Four Trends For Tomorrow’s Software Monetization

Not only do software manufacturers monetize software. Many hardware manufacturers are also starting now. Several trends can be observed here.

The world has become more complex. Hardware manufacturers who want to monetize software have to think about approaching this and maybe get a partner on board for it. Some hardware companies have come a long way on this topic, such as telecommunications providers, while others are still in their infancy. Optimizing software licensing can enable companies to develop new and innovative revenue streams and provide customers with a better experience around their software and services.

At the same time, operational efficiency can be increased, and insights into customer usage behavior can be gained. Agricultural machinery manufacturers are an example of software monetization in the hardware world. As with Tesla, functions can be activated on the tractor during operation via time-based licenses,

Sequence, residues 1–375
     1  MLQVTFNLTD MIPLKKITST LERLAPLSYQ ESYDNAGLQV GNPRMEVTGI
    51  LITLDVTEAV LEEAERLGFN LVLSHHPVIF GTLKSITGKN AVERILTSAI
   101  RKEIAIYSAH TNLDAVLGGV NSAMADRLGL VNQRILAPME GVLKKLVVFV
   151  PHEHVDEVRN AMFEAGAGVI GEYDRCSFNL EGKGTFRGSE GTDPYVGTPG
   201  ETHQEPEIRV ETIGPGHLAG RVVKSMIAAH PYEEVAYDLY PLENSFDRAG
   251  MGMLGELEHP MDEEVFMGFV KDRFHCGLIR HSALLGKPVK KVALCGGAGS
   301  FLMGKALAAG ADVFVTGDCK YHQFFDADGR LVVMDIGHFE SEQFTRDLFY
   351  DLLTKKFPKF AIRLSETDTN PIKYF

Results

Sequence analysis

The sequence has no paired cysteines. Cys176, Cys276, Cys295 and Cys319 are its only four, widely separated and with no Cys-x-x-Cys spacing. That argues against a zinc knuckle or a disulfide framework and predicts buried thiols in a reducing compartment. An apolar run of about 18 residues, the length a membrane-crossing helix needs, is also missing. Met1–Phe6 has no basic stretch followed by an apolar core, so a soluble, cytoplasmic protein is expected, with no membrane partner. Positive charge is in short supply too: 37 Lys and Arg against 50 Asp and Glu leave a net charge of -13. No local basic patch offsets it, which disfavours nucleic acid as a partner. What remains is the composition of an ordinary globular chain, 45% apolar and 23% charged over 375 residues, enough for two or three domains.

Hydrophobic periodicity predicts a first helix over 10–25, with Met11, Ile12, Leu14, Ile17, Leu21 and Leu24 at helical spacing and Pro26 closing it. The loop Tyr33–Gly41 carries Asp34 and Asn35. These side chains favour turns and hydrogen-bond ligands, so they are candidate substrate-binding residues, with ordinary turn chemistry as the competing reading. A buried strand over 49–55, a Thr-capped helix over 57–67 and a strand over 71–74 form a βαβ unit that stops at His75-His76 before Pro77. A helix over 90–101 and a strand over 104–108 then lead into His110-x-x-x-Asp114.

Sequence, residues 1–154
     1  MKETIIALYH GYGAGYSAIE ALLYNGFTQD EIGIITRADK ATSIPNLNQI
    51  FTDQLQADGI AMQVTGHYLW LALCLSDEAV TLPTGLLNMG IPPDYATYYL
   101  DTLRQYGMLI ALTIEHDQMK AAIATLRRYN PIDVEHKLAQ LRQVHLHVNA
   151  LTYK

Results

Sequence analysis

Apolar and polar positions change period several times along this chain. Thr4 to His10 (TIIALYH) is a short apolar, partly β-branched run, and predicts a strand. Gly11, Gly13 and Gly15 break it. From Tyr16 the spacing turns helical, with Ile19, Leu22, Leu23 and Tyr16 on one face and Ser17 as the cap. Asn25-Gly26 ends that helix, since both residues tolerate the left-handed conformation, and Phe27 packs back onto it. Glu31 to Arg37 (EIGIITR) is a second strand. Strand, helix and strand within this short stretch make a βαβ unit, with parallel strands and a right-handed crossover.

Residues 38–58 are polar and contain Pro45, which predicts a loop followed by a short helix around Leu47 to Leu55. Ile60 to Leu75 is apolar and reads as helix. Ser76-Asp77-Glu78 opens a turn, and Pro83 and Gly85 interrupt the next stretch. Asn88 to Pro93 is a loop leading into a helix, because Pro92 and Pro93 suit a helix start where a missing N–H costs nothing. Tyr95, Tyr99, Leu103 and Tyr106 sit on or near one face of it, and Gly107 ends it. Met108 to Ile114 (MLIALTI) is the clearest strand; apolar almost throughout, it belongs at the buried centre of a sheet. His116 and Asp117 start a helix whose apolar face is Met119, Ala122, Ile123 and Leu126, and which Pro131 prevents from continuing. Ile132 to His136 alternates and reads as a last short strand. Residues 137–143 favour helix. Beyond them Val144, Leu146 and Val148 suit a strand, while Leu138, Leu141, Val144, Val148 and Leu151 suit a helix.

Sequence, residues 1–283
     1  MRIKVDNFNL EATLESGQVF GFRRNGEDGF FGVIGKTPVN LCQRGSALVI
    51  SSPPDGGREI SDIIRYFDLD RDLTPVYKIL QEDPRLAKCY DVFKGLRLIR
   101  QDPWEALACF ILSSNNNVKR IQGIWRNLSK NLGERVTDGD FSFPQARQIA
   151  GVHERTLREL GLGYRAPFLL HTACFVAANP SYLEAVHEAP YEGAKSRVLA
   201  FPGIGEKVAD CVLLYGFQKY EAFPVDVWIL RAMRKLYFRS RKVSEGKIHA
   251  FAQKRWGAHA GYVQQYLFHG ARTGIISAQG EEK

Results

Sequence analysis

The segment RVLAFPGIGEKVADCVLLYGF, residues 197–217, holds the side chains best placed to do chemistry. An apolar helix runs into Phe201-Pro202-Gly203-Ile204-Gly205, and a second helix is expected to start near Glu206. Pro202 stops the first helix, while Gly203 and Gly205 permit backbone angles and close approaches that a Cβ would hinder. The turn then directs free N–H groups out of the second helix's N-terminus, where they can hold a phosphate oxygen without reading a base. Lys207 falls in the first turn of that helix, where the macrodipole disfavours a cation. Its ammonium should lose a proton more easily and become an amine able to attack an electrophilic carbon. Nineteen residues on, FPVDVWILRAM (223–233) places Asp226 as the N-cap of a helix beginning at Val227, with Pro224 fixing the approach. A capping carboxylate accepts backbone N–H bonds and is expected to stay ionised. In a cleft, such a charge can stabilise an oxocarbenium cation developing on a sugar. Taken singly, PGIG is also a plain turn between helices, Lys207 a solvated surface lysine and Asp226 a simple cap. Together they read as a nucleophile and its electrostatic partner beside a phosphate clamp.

However, licensing projects are time-consuming, especially if the necessary experience is lacking. After careful study, many organizations quickly realized that what was initially identified as a licensing problem is a business integration problem. Attempting to solve licensing problems with a narrow technology focus fails to adequately account for business processes and other necessary components for a successful software licensing project.